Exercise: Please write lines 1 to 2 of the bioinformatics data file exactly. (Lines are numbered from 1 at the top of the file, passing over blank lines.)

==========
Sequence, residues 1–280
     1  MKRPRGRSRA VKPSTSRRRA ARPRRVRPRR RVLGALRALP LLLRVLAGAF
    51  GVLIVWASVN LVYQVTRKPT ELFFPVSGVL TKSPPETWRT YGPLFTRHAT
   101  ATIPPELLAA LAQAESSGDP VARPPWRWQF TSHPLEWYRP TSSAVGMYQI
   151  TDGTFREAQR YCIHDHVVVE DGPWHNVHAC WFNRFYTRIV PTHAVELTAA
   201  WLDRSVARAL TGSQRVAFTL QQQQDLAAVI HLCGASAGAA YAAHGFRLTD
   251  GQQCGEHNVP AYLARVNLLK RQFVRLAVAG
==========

Sequence, residues 1–280
     1  MKRPRGRSRA VKPSTSRRRA ARPRRVRPRR RVLGALRALP LLLRVLAGAF